“Happy Birthday,” I croaked to friends being honored at a party recently. Four days earlier, my head cold had turned into laryngitis. My throat burned from days of coughing, and when I tried to talk, all that came out was a squeak.  But I didn’t want to miss this celebration to honor three friends with November birthdays, so I went to the potluck and uttered few words.
There’s nothing like laryngitis to give you a lesson in listening.
Conversations swirled around me. I knew that I couldn’t respond or interject my thoughts and opinions, so I just listened.  For once, my mind wasn’t doing double duty of processing others’ words while formulating my own. Well, OK, I did think of some snappy retorts I would have made if I’d had a voice. But all I could do was nod, shake my head, or smile.
I remained silent. And listened.  I realized that I was hearing the voices of several of my friends who often are less talkative. And because I wasn’t planning replies, I heard them in some new ways.
“Listening is at the core of Quaker faith and practice,” writes Michael Wajda in the Pendle Hill pamphlet, Expectant Listening. In the silence of worship, we gather together to listen for the “still small voice” of God. It’s my chance to listen to the Divine with no requirement that I reply. To take in that Presence in silence—kind of like being at a dinner party with laryngitis.
Caroline Stephen, a 19th Century Quaker (and the aunt of Virginia Woolf), writes, “The silence we value is not the mere outward silence of the lips.”  Losing my voice after my cold took care of that part.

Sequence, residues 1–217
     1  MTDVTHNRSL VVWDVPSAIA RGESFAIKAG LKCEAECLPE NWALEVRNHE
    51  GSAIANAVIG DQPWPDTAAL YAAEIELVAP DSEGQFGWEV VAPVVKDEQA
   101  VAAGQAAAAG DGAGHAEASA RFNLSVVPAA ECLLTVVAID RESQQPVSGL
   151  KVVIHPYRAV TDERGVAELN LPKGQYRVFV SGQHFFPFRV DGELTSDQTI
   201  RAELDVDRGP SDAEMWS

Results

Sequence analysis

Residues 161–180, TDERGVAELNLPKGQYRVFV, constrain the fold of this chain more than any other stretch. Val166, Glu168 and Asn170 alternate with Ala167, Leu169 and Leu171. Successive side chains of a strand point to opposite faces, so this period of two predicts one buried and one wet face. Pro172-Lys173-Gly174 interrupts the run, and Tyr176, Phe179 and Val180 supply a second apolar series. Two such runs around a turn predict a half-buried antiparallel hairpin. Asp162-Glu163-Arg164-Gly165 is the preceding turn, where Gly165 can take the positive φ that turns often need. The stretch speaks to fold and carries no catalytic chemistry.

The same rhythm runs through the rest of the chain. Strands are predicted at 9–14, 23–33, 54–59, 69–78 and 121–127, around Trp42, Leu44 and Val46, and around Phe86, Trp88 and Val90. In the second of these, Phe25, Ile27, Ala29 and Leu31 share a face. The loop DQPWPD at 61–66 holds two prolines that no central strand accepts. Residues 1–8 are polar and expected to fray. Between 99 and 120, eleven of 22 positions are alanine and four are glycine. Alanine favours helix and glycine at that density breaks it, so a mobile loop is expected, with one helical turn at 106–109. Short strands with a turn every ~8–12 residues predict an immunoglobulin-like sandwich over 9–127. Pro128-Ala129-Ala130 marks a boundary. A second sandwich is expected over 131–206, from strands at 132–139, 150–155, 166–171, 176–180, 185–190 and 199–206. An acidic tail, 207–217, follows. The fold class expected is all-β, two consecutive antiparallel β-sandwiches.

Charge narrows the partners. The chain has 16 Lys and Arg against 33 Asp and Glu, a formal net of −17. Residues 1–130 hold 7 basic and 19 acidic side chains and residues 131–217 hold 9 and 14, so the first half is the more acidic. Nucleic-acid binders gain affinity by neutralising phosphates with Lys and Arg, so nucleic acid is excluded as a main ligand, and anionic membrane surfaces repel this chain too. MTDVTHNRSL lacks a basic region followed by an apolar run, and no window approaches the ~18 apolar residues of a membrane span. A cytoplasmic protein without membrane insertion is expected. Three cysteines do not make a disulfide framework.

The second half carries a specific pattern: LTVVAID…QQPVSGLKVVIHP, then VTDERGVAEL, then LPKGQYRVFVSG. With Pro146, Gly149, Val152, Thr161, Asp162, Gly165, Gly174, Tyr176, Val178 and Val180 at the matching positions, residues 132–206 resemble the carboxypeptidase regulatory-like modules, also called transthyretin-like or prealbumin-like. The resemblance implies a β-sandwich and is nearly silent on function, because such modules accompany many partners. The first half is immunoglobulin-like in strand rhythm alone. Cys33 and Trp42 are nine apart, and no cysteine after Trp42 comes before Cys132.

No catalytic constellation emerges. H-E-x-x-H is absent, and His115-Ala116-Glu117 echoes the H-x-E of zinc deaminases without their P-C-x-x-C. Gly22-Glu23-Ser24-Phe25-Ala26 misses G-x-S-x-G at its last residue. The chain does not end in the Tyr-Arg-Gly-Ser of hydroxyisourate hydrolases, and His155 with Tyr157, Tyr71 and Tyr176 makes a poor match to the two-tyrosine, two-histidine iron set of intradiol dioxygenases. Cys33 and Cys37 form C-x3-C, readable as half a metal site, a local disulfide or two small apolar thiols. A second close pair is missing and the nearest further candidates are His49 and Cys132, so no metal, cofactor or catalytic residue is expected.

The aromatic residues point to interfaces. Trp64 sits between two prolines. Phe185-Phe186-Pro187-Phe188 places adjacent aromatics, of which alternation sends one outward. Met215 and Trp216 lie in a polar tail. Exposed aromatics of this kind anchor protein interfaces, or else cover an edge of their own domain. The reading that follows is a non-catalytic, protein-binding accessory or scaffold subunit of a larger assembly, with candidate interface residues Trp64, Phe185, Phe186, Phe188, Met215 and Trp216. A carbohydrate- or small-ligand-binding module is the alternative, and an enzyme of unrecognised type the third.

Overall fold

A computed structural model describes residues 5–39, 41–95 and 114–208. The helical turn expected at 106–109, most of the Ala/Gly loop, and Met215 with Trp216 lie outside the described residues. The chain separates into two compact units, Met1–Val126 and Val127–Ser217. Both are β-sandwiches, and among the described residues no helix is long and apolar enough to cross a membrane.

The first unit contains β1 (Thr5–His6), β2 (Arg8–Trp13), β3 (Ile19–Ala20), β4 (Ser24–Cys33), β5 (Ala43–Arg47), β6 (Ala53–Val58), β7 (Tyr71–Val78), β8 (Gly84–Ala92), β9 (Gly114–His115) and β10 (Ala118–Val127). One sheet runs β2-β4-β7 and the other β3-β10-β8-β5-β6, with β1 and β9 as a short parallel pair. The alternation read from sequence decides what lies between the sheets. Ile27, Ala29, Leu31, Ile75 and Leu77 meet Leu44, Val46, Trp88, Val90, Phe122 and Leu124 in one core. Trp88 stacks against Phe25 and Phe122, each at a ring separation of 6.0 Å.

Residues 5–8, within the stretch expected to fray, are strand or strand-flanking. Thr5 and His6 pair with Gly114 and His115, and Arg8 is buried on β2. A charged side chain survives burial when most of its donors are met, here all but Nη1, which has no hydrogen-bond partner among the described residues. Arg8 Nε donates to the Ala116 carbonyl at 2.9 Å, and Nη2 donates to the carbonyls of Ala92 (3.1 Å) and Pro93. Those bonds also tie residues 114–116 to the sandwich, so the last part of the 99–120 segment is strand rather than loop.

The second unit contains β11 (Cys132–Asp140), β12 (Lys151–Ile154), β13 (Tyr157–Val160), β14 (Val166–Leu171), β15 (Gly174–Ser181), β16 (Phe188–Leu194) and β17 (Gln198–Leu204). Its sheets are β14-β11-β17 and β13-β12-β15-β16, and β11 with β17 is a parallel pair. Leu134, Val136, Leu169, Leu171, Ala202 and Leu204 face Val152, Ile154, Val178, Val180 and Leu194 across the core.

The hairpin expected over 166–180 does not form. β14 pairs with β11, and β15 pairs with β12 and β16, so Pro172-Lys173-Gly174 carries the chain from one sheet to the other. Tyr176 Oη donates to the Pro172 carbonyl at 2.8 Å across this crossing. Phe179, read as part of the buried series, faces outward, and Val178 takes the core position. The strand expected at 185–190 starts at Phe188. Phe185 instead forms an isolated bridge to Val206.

But, as Stephen reminds, “…in order to hear the divine voice thus speaking to us we need to be still.” Whether at Quaker meeting or in my daily practice of “expectant listening,” the silencing of the lips is just the first step toward the stillness that opens me to God’s voice. There’s often plenty of internal noise that continues—lists of tasks to do, worries about friends or family, self-criticism. 
Now, if I could just have laryngitis of the voice in my head. 
image credit - Yardley (PA) Friends Meeting

Views: 157

Comment by Tina Coffin on 1st mo. 19, 2013 at 11:57am

Iris, Would you let me print this blog post in a small publication for Quakers in Arkansas? my name is Tina Coffin and you can reach me at carillontc@aol.com

Comment

You need to be a member of QuakerQuaker to add comments!

Join QuakerQuaker

Support Us

Did you know that QuakerQuaker is 100% reader supported? If you think this kind of outreach and conversation is important, please support it with a monthly subscription or one-time gift.


You can also make a one-time donation.

Latest Activity

Kirby Urner posted a blog post

A Campus Curriculum

I'm reaching out to Friends in higher education with my recent Youtubes, which I'm free to…See More
4th month 13
Keith Saylor posted a blog post

Definitions

Iconography: The process of guiding and informing human relationships and interactions through…See More
4th month 10
Patricia Dallmann posted a blog post

New essay at Abiding Quaker: "A Colony of Heaven"

The following excerpt is from a new post titled "A Colony of Heaven" which can be found at…See More
4th month 6
Mike Shell posted a discussion
4th month 4
Patty Quinn liked Mike Shell's discussion Weekly Online Worship with Quaker Universalist Fellowship
4th month 2
Patty Quinn liked Kirby Urner's discussion Quakerism and Religious Freedom
4th month 2
Kirby Urner posted a discussion

Quakerism and Religious Freedom

I've only recently learned what a lot of people already know:  the well-advertised Shen Yun dance…See More
4th month 2
Jonathan Smith liked Mike Shell's discussion Weekly Online Worship with Quaker Universalist Fellowship
4th month 1

© 2019   Created by QuakerQuaker.   Powered by

Badges  |  Report an Issue  |  Terms of Service